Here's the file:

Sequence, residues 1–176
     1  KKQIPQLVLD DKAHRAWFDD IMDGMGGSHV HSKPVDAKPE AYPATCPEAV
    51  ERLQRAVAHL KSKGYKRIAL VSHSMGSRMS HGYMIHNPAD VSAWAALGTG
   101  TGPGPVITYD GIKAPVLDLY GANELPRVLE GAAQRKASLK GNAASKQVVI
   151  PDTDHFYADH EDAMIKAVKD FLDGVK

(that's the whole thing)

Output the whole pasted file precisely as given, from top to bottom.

Sequence, residues 1–176
     1  KKQIPQLVLD DKAHRAWFDD IMDGMGGSHV HSKPVDAKPE AYPATCPEAV
    51  ERLQRAVAHL KSKGYKRIAL VSHSMGSRMS HGYMIHNPAD VSAWAALGTG
   101  TGPGPVITYD GIKAPVLDLY GANELPRVLE GAAQRKASLK GNAASKQVVI
   151  PDTDHFYADH EDAMIKAVKD FLDGVK